For sequential injection analysis with amperometric detection, the SIA system consisted of a syringe pump (Cavro XL 3000, Cavro Scientific Instruments Inc., USA) equipped with a 2.5 mL syringe, a six port selection valve (Cavro Smart Valve, Cavro Scientific Instruments Inc., USA), a gas diffusion unit, a peristaltic pump (SMP-23, EYELA, Japan), an electrochemical flow cell (Bioanalytical Systems Inc., USA), and a PalmSens. The system components were arranged as shown schematically in Figure 1. All tubing connecting the different components of the flow system was PTFE with 0.8 mm i.d. (Cole-Parmer Instrument Company, USA). The GDU consisted of two symmetric acrylic blocks, two silicone gaskets with a channel (31 mm long, 1.5 mm wide and 0.2 mm thick) as the spacer and a PTFE hydrophobic membrane (Sartorius, pore size 0.45 μm). The membrane was placed between two silicone gaskets which were sandwiched between two acrylic blocks. Two acrylic blocks were pressed against each other by four screws. The electrochemical flow cell consisted of a silicone gasket (0.5 mm thick) as a spacer (area 0.3 cm2), the boron-doped diamond working electrode, the Ag/AgCl reference electrode, and the stainless steel tube counter electrode.
2.3. Sequential injection procedure
The carrier, 0.1 M phosphate buffer (pH 8)/0.1% SDS, was flowed through the electrochemical flow cell by a peristaltic pump. The operating sequence of the SIA system for the analysis of sulfite is listed in Table 1. The analytical cycle started with the aspiration of water into the syringe. Next, the sulfuric acid and the standard/sample solution were aspirated into the holding coil in which the gaseous sulfur dioxide was generated. The flow was then reversed and the mixture was propelled through the donor channel of the GDU. During this step, the generated sulfur dioxide diffused through the membrane into the carrier solution in the acceptor channel of the GDU. Then, the sulfite formed in the phosphate buffer (pH 8)/0.1% SDS carrier was carried to the electrochemical flow cell and detected directly at the BDD electrode. The amperometric measurements were carried out at the potential, giving a maximum signal-to-background (S/B) ratio in the hydrodynamic voltammograms. Each point of the analytical plot represents the average of four successive injections.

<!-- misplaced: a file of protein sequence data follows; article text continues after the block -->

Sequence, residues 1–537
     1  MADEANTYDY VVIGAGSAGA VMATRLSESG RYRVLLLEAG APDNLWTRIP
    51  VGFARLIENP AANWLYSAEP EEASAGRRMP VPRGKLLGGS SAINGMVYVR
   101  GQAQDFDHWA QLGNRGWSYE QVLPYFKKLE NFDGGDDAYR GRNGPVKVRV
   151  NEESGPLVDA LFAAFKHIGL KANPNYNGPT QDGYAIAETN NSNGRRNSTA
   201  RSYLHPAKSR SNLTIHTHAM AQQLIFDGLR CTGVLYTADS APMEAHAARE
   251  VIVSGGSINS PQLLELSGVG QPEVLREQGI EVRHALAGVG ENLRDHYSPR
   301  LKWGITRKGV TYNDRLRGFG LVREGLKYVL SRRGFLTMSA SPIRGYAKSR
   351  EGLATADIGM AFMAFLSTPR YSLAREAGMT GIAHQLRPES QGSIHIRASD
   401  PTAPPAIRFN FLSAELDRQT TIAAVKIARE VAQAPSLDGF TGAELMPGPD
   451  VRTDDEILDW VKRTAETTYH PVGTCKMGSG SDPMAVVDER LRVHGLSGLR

3. Results and discussion
3.1. Optimization of pH
The optimum pH of the phosphate buffer for the electrochemical oxidation of sulfite was investigated from pH 4 to 10 using cyclic voltammetry. As shown in Figure 2, sulfite gave well-defined cyclic voltammograms in the neutral and alkaline buffers. In the acidic buffer, the decrease in pH of the phosphate buffer led to an increase in oxidation potential. This result indicates that the oxidation of sulfite in the acidic medium is more difficult than that in the neutral and alkaline media. It was also found that sulfite in phosphate buffer (pH 8) provided the highest peak current at the lowest oxidation potential. Therefore the phosphate buffer (pH 8) was chosen as the optimum pH.